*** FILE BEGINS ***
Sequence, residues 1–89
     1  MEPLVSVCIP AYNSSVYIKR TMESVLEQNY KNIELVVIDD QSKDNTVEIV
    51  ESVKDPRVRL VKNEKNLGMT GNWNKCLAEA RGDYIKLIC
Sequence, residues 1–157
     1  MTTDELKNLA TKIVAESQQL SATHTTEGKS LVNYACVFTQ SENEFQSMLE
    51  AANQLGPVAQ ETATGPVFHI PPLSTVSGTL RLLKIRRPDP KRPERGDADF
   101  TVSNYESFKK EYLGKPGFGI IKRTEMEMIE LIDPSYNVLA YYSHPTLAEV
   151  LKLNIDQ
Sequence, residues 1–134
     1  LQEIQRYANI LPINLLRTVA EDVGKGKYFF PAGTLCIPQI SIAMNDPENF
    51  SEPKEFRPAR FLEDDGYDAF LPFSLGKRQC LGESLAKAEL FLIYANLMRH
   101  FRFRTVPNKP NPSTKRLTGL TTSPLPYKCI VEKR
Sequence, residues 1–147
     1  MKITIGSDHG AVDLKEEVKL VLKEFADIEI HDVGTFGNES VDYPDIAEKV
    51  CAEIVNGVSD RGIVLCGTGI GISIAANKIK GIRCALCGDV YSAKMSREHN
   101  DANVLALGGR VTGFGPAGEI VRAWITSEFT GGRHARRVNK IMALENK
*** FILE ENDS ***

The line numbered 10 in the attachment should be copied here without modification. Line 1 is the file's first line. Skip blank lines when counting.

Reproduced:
     1  LQEIQRYANI LPINLLRTVA EDVGKGKYFF PAGTLCIPQI SIAMNDPENF